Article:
The active site is flexible, not rigid.The shapes of the enzyme, active site, and substrate adjust to maximize the fit, which improves catalysis.There is a greater range of substrate specificity.

  • 18Copyright 2004 Pearson Education Inc., publishing as Benjamin Cummings.

    Enzyme Catalyzed Reaction The proper fit of a substrate (S) in an active site forms an enzyme-substrate (ES) complex.

    E + S ESWithin the ES complex, the reaction occurs to convert substrate to product (P).

    ES E + PThe products, which are no longer attracted to the active site, are released. Overall, substrate is converted to product.

    E + S ES E + P

  • 19Copyright 2004 Pearson Education Inc., publishing as Benjamin Cummings.

    Example of An Enzyme Catalyzed Reaction

  • 20Copyright 2004 Pearson Education Inc., publishing as Benjamin Cummings.

    A. The active site is:1) The enzyme shape.2) A section of the enzyme.3) The substrate.

    B. In the induced-fit model, the shape of the enzyme when substrate binds:1) Stays the same.2) Adapts to the shape of the substrate.

    Learning Check

  • 21Copyright 2004 Pearson Education Inc., publishing as Benjamin Cummings.

    A. The active site is:2) A section of the enzyme.

    B. In the induced-fit model, the shape of the enzyme when substrate binds:2) Adapts to the shape of the substrate.

    Solution

  • 22Copyright 2004 Pearson Education Inc., publishing as Benjamin Cummings.

    Diagnostic Enzymes The levels of diagnostic enzymes determine the amount of damage in tissues.

  • 23Copyright 2004 Pearson Education Inc., publishing as Benjamin Cummings.

  • 24Copyright 2004 Pearson Education Inc., publishing as Benjamin Cummings.

    Enzymes:Are most active at an optimum temperature (usually 37C in humans).Show little activity at low temperatures.Lose activity at high temperatures as denaturation occurs.

    19.6 Temperature and Enzyme Action

  • 25Copyright 2004 Pearson Education Inc., publishing as Benjamin Cummings.

    Enzymes:Are most active at optimum pH.Contain R groups of amino acids with proper charges at optimum pH.Lose activity in low or high pH as tertiary structure is disrupted.

    pH and Enzyme Action

  • 26Copyright 2004 Pearson Education Inc., publishing as Benjamin Cummings.

    Optimum pH ValuesMost enzymes of the body have an optimum pH of about 7.4.In certain organs, enzymes operate at lower and higher optimum pH values.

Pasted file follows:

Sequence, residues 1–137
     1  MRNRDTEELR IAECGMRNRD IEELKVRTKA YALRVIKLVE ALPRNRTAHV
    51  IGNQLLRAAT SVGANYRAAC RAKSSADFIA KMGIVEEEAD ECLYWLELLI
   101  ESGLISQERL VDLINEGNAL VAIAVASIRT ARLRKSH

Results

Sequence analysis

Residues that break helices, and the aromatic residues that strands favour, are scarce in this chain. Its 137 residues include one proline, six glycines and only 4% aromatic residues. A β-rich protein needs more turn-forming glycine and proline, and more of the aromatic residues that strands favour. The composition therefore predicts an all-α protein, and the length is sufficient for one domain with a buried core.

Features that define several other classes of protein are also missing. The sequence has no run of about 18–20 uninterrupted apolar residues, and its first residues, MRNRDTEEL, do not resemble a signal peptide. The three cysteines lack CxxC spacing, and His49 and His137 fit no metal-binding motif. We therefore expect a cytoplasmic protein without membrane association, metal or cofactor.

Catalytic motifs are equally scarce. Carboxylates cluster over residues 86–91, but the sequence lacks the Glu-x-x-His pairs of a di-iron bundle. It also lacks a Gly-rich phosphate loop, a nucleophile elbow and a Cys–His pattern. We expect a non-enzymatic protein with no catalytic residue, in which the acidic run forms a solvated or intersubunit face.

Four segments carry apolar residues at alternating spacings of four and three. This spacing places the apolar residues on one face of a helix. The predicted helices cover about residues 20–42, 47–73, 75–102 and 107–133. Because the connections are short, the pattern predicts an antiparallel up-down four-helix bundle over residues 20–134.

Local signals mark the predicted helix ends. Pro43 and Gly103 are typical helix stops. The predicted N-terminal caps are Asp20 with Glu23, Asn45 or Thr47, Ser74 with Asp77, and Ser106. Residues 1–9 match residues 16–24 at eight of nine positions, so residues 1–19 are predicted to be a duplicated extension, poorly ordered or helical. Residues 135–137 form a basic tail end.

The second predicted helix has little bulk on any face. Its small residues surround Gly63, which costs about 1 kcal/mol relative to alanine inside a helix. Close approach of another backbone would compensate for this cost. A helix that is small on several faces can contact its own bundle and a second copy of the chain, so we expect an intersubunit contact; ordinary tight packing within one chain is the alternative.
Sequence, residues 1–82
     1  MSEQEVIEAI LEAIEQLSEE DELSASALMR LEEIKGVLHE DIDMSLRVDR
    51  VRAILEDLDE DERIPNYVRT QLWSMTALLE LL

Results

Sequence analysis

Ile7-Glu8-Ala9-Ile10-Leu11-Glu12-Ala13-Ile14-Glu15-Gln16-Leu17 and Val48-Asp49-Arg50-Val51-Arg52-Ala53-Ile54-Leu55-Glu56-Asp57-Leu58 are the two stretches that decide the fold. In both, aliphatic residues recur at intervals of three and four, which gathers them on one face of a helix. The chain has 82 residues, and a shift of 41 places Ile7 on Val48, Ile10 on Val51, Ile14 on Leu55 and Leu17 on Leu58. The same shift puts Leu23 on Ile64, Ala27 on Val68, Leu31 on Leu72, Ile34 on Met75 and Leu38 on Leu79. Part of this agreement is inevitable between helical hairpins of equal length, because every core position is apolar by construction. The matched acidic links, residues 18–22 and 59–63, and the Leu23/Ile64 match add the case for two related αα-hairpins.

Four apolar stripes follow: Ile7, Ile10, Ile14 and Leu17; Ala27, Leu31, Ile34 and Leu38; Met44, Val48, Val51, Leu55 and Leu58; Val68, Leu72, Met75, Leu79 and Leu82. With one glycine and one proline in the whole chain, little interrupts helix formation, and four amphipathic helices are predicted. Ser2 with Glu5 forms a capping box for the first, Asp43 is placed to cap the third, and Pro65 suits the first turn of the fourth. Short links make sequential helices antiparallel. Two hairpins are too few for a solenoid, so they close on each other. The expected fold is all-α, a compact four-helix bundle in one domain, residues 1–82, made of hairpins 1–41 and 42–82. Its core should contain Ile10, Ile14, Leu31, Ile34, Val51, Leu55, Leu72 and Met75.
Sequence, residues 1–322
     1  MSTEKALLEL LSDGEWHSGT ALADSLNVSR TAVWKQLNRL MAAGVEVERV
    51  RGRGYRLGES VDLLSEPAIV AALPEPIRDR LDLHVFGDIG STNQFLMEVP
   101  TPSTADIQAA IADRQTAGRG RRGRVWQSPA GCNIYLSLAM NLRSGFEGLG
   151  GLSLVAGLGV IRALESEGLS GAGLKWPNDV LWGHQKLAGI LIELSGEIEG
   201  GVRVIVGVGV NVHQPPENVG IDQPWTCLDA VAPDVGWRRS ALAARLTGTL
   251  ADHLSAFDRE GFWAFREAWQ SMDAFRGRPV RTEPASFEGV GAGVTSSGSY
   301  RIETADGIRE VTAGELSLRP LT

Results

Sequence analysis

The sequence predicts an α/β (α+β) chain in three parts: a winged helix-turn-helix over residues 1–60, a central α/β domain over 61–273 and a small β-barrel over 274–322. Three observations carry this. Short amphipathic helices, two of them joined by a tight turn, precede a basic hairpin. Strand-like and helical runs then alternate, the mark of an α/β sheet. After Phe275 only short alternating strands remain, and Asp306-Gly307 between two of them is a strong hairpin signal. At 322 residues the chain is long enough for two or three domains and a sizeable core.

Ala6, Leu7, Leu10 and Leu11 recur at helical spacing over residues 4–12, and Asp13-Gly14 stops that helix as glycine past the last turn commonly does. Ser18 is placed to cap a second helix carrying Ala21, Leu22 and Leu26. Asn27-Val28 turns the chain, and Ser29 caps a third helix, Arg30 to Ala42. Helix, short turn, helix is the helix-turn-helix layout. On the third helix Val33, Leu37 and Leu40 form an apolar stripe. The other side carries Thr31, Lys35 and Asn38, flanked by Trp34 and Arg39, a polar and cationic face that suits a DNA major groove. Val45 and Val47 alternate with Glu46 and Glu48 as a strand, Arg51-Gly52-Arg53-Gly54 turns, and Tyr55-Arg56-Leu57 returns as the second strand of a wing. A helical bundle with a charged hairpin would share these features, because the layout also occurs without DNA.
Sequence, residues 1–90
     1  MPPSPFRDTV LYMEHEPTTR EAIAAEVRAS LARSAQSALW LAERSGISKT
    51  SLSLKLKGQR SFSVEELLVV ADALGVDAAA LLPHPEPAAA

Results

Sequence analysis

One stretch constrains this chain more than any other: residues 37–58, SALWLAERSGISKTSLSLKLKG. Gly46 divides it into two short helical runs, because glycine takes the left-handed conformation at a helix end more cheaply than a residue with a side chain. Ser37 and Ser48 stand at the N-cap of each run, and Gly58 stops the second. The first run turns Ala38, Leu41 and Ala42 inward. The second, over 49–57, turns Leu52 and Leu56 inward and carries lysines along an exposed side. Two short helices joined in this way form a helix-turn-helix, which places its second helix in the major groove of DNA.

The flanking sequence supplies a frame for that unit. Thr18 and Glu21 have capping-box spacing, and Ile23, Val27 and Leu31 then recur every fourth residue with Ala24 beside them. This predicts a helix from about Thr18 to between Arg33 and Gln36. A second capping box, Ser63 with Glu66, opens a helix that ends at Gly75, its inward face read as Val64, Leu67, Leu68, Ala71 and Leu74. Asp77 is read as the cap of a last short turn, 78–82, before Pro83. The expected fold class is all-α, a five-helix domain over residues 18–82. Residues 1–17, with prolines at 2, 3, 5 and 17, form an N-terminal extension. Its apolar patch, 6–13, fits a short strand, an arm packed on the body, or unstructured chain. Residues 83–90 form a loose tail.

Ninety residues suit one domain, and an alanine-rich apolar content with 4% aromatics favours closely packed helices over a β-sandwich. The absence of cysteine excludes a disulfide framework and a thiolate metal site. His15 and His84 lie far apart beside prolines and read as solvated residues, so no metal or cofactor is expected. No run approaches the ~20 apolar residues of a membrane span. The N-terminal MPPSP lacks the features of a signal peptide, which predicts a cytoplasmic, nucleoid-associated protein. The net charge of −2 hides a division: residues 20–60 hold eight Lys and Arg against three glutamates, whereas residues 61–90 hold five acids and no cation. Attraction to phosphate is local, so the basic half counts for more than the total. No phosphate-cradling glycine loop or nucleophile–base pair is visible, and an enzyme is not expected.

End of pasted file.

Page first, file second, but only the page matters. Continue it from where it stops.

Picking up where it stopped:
• 27Copyright 2004 Pearson Education Inc., publishing as Benjamin Cummings.

    Optimum pH Values

  • 28Copyright 2004 Pearson Education Inc., publishing as Benjamin Cummings.

    Enzyme Concentration

    The rate of reaction increases as enzyme concentration increases (at constant substrate concentration). At higher enzyme concentrations, more substrate binds with enzyme.

  • 29Copyright 2004 Pearson Education Inc., publishing as Benjamin Cummings.

    Substrate Concentration

    The rate of reaction increases as substrate concentration increases (at constant enzyme concentration).Maximum activity occurs when the enzyme is saturated.

  • 30Copyright 2004 Pearson Education Inc., publishing as Benjamin Cummings.

    Sucrase has an optimum temperature of 37C and an optimum pH of 6.2. Determine the effect of the following on its rate of reaction.1) no change 2) increase 3) decrease A. Increasing the concentration of sucroseB. Changing the pH to 4C. Running the reaction at 70C

    Learning Check

  • 31Copyright 2004 Pearson Education Inc., publishing as Benjamin Cummings.

    Sucrase has an optimum temperature of 37C and an optimum pH of 6.2. Determine the effect of the following on its rate of reaction1) no change 2) increase 3) decrease A. 2 Increasing the concentration of sucraseB. 3 Changing the pH to 4C. 3 Running the reaction at 70C

    Solution

  • 32Copyright 2004 Pearson Education Inc., publishing as Benjamin Cummings.

    Inhibitors: Are molecules that cause a loss of catalytic activity.Prevent substrates from fitting into the active sites.E + S ES E + PE + I EI no P

    19.8 -19.9Enzyme Regulation: Inhibition

  • 33Copyright 2004 Pearson Education Inc., publishing as Benjamin Cummings.

    Reversible Competitive Inhibition

    A competitive inhibitor:Has a structure like the substrate.Competes with the substrate for the active site.Has its effect reversed by increasing substrate concentration.

  • 34Copyright 2004 Pearson Education Inc., publishing as Benjamin Cummings.

    A noncompetitive inhibitor:Has a structure different than the substrate.Distorts the shape of the enzyme, which alters the shape of the active site.Prevents the binding of the substrate. Cannot have its effect reversed by adding more substrate.

    Noncompetitive, irreversible inhibi